Microsoft Announces Comprehensive Architecture For Next Generation of Applications

SAN DIEGO, Sept. 23, 1997 — Laying a foundation for new application development, Microsoft Corp. today at the Microsoft® Professional Developers Conference outlined the Microsoft Windows® Distributed interNet Applications (DNA) architecture, a unified approach for building distributed, scalable, multitier applications that can be delivered over any network.

Microsoft Windows DNA is the first application architecture to integrate the Internet, client/server and PC models of computing for a new class of distributed computing solutions. The architecture enables organizations to take advantage of new technologies such as the Web while extending their investments in existing applications and data. Because Windows DNA takes full advantage of tightly integrated Windows platform services, organizations can focus on delivering business solutions rather than on being systems integrators.

“With the tidal wave of technologies impacting application development, customers are looking for a road map for creating successful solutions, today and in the future,” said Paul Maritz, group vice president, platforms and applications, Microsoft. “Windows DNA defines a framework for delivering solutions that meet the demanding requirements for corporate computing, the Internet and intranets, and global electronic commerce, while reducing overall costs of development and deployment.”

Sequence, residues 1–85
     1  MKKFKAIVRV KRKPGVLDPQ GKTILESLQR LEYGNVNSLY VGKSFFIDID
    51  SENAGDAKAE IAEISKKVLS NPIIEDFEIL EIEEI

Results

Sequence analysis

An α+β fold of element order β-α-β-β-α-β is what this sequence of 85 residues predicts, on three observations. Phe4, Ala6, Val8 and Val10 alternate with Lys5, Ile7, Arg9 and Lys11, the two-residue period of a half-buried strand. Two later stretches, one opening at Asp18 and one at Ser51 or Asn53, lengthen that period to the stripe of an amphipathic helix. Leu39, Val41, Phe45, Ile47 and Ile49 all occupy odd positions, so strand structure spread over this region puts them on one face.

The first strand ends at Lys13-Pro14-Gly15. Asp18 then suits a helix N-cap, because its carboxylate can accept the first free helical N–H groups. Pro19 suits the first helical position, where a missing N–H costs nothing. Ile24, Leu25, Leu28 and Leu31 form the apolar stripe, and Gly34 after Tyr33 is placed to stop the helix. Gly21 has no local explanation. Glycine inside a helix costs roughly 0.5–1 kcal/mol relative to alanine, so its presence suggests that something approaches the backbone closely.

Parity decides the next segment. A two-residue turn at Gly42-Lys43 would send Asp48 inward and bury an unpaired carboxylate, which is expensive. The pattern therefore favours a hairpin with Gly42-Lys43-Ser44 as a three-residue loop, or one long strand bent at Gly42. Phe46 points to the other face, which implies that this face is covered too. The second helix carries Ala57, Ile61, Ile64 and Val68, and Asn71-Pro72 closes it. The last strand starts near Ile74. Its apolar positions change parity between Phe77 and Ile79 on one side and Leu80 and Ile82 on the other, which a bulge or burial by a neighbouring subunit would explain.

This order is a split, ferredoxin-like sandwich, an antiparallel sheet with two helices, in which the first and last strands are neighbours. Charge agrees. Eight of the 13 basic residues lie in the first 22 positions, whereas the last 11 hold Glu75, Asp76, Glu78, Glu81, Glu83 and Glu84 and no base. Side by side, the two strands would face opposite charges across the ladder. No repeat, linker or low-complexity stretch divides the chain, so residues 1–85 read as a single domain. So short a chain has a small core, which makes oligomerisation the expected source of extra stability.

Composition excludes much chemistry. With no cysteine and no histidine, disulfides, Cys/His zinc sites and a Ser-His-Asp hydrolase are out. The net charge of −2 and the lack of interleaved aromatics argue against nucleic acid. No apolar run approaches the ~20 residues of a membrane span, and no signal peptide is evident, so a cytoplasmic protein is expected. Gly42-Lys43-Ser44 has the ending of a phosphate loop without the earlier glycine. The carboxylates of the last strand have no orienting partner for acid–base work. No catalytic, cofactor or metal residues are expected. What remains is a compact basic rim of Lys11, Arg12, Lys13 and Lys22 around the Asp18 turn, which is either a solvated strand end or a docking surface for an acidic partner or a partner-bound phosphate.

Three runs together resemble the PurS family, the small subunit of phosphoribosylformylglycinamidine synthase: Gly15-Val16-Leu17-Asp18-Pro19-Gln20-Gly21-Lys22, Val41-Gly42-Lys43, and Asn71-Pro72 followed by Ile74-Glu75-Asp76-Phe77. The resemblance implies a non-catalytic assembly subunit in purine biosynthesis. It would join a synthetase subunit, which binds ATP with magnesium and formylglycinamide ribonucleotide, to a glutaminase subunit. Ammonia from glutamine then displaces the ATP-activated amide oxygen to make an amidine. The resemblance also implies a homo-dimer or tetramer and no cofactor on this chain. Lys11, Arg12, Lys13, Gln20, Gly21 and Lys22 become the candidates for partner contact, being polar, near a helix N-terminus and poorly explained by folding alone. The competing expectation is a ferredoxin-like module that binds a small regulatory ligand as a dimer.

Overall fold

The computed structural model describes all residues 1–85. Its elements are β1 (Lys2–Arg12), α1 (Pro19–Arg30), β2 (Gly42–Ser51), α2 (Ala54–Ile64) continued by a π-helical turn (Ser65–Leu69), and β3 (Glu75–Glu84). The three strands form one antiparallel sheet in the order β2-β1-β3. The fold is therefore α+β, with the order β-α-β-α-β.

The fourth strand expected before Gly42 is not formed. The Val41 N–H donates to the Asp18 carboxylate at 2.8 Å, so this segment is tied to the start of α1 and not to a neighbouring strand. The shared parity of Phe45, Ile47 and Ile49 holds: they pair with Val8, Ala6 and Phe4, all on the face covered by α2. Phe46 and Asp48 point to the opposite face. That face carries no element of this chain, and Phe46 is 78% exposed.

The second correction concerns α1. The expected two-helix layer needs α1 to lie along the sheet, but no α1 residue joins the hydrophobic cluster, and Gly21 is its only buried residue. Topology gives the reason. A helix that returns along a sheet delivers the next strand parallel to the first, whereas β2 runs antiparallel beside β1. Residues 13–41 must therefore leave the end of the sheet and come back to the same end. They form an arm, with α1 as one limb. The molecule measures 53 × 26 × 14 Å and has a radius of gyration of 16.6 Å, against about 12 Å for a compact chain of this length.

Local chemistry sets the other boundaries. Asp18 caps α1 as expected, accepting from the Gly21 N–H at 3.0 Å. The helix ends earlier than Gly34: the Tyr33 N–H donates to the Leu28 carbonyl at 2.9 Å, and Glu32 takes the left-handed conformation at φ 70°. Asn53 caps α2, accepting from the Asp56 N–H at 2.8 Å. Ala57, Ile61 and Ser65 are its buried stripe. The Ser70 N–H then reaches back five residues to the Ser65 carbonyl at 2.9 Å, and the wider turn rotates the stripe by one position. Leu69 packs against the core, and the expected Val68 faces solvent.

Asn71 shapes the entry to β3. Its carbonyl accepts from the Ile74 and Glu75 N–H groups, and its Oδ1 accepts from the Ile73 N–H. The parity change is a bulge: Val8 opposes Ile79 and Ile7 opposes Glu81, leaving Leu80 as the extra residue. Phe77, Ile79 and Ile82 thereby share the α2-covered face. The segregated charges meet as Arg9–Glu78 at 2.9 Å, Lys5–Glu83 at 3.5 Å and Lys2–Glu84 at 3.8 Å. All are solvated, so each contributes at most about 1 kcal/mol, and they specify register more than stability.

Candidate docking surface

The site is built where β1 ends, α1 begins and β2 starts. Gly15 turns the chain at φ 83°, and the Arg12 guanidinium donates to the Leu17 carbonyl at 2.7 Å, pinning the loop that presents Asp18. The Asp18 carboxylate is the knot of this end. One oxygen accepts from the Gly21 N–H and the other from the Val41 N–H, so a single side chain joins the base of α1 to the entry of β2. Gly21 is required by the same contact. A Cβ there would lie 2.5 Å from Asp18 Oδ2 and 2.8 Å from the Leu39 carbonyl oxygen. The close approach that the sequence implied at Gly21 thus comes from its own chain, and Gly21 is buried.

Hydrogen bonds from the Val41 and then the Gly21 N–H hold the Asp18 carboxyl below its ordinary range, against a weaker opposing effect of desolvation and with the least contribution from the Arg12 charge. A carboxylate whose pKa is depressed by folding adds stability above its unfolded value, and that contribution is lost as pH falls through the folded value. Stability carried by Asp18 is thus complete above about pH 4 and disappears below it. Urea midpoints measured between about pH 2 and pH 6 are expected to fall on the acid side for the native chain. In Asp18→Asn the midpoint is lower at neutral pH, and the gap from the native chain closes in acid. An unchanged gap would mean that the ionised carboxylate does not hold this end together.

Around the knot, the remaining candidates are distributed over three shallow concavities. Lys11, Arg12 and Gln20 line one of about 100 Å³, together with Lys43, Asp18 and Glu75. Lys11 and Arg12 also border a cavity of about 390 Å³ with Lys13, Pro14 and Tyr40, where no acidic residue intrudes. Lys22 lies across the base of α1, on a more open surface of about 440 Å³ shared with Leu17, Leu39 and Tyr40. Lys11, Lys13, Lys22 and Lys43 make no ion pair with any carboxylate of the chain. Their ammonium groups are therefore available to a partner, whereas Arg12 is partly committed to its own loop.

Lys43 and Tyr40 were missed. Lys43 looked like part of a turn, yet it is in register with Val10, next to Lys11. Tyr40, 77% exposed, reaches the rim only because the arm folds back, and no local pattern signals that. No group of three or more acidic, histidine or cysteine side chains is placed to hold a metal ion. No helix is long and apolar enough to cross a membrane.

Microsoft Windows DNA

Windows DNA architecture uses a standard set of Windows-based services that address the requirements of all tiers of modern distributed applications: user interface and navigation, business process, and storage.

The heart of Windows DNA is the integration of Web and client/server application development models through the Component Object Model (COM). Windows DNA architecture uses a common set of services, including components, Dynamic HTML, Web browser and server, scripting, transactions, message queuing, security, directory, database and data access, systems management and user interface. These services are exposed in a unified way through COM, enabling applications to take advantage of them easily.